Well, there went the 1-game winning streak.
23-year-old Sal Romano made his 16th start of the season for the Reds. That’s two more than the club gave to Bronson Arroyo, before his 40-year-old shoulder reached checkmate. Romano pitched 5.2 innings while striking out 7. He walked 2 and gave up 7 hits. Romano’s 2-out walk in the 6th inning proved fateful as a subsequent double drove in the run.
Luke Farrell,Ã‚Â Wandy Peralta and Cody ReedÃ‚Â checked the Brewers for the next 2.1 innings.
Patrick Kivlehan hit his 9th home run. Over 201 plate appearances, Kivlehan has an ISO of .194, which is really good. He draws walks at a way-above-average rate (10.9%), has played 1B, 3B and all three OF positions. What more could you ask for a bench player making league-minimum salary? He’s on my 2018 Reds roster, unless something unexpected happens.
Billy Hamilton got picked off attempting to steal second base about 30 seconds before Patrick Kivlehan homered. Remember that every time a runner gets caught stealing or picked off stealing, it negates three successful steals in terms of run creation. Given the record number of home runs being hit, stolen bases (or playing for any individual base) has never been worth less.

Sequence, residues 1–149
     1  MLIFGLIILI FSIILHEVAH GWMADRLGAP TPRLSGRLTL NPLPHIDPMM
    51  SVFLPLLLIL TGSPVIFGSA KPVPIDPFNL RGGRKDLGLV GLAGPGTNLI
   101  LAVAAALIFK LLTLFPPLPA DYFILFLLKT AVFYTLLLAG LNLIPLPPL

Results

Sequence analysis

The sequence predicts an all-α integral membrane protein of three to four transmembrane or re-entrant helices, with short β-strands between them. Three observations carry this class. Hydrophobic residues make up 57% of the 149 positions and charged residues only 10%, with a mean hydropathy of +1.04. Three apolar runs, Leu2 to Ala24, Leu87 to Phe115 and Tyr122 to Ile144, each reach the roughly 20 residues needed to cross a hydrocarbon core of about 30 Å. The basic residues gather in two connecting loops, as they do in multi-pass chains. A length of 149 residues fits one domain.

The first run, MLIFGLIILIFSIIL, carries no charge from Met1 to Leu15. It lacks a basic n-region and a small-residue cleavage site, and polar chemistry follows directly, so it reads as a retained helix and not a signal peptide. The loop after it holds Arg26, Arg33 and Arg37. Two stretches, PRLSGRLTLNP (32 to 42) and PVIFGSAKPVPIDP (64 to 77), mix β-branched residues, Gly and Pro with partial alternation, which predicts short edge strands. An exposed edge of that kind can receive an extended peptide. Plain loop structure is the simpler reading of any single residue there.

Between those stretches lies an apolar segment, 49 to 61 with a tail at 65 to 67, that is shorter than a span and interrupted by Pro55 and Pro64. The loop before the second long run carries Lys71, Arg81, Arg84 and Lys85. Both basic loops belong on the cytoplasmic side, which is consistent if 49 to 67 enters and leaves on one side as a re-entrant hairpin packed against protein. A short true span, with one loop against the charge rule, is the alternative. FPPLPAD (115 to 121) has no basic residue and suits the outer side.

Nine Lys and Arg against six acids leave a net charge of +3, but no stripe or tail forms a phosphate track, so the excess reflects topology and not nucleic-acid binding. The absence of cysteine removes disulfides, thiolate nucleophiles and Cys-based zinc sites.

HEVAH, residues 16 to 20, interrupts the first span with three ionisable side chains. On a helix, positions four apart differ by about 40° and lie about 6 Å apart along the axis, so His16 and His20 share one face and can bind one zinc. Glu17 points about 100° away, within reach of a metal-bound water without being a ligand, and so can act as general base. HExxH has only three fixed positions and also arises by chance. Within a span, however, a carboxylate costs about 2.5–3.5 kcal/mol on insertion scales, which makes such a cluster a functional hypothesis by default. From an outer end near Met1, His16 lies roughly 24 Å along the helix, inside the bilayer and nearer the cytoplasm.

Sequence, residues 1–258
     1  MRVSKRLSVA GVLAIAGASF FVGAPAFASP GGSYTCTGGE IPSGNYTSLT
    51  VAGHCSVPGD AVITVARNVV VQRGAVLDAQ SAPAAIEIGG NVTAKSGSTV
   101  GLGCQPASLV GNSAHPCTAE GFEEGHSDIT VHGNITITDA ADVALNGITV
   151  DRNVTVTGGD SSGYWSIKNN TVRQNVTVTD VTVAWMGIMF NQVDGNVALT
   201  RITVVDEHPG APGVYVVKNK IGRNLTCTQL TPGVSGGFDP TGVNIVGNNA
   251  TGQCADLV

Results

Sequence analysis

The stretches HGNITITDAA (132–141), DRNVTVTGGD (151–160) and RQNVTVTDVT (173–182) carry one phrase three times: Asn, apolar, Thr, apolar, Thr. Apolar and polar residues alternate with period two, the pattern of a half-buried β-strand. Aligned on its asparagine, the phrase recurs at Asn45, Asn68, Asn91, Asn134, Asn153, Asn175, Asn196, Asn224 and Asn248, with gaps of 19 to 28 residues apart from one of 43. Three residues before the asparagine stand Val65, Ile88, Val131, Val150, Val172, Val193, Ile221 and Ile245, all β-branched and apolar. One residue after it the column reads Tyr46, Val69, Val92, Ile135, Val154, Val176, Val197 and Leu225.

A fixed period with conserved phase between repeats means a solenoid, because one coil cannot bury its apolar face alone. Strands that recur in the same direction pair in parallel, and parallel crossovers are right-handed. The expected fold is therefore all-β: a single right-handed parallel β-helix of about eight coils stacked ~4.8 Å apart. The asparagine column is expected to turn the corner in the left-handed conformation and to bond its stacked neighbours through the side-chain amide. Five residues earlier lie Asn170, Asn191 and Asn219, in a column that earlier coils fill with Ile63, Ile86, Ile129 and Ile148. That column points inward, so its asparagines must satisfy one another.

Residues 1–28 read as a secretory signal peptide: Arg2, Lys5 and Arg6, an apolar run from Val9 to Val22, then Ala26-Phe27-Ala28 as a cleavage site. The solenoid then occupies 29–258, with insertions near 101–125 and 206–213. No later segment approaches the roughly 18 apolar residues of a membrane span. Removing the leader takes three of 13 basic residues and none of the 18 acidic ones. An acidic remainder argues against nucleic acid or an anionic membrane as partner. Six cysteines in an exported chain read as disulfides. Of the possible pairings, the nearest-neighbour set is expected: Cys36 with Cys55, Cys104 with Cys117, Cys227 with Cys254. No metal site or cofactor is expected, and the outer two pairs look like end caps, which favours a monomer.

The Reds strung together a single by Kivlehan, double by Joey Votto, single by Scooter Gennett and a line shot single by Jesse Winker to produce two runs in the 6th inning.
For about 15 minutes this afternoon, I thought Robert Stephenson was starting today’s game, so I did a little stat check on him. What I found argues for a little brake tapping. In his 11 starts for the Reds, Stephenson has put up a shiny 3.44 ERA, but as you look a little deeper, his FIP is 4.21 (normalizing BABIP), his xFIP is 4.81 (normalizing home runs) and SIERA is 4.96 (best of the ERA-estimators).
Here’s the problem. Stephenson is walking the house. 187 major league pitchers have thrown 50 innings as a starter this year. Of those players, Stephenson has the worst walk-rate of all of them, whether your pleasure is BB/9 or BB%.